Stylophora Pistillata

Stylophora Pistillata

  • Temperature: 23.2°C - 30.3°C
  • pH: 8.0 - 8.4
  • Size: 3½"
  • Geography: Eastern Central Pacific - Costa Rica, Panama

Description

occurs in corymbose colonies containing orderly-spaced branchlets. It has tube-shaped axial corallites and radial corallites have flaring lips. It is blue, cream, yellow or green in colour, and is similar to Acropora vermiculata.

Distribution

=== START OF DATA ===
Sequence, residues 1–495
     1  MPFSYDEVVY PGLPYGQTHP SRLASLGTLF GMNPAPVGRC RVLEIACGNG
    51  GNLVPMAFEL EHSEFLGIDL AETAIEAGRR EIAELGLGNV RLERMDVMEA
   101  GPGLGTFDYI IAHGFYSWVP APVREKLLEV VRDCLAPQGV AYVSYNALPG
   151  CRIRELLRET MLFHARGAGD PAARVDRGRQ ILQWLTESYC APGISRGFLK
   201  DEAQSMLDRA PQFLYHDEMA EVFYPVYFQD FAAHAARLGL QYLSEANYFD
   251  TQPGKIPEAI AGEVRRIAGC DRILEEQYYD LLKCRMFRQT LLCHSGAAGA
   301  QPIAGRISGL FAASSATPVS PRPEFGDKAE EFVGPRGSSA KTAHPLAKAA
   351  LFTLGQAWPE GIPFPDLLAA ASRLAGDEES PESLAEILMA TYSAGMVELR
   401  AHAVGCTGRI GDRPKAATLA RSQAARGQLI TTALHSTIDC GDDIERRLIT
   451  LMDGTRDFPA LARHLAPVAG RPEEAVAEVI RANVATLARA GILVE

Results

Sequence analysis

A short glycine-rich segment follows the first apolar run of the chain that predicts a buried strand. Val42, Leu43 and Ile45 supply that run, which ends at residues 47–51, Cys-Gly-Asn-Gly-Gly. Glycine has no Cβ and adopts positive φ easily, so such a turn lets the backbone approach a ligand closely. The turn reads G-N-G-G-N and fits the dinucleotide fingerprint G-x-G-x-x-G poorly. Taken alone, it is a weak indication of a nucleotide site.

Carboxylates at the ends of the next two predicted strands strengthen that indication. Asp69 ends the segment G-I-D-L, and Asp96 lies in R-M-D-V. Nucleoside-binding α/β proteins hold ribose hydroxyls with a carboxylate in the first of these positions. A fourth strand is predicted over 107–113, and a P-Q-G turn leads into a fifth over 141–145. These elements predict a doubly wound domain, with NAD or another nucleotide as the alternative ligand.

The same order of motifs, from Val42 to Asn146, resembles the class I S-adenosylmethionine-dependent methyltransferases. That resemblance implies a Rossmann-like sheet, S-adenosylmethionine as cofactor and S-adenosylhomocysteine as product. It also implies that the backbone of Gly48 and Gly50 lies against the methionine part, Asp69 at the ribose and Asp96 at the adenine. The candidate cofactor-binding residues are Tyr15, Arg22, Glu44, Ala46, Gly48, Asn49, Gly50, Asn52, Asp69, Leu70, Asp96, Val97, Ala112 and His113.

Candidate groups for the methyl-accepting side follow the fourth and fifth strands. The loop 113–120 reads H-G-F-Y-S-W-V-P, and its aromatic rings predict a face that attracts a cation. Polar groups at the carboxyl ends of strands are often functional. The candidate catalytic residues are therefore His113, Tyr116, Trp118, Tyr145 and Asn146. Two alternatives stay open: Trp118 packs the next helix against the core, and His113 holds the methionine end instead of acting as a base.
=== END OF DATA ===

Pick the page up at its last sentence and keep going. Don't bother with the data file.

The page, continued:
It is classed as a near threatened species on the IUCN Red List and it is believed that its population is decreasing; the species is listed under Appendix II of CITES. Figures of its population are unknown, but is likely to be threatened by the global reduction of coral reefs, the increase of temperature causing coral bleaching, climate change, human activity, the crown-of-thorns starfish (Acanthaster planci) and disease.[1] It occurs in the Red Sea, the Gulf of Aden, the southwest, northwest and northern Indian Ocean, the Persian Gulf, the central Indo-Pacific, Australia, Southeast Asia, Japan, the East China Sea, and the oceanic western and central Pacific Ocean. It is found at depths of between 8 and 20 metres (26 and 66 ft) in tropical shallow reefs on upper slopes and in subtidal areas.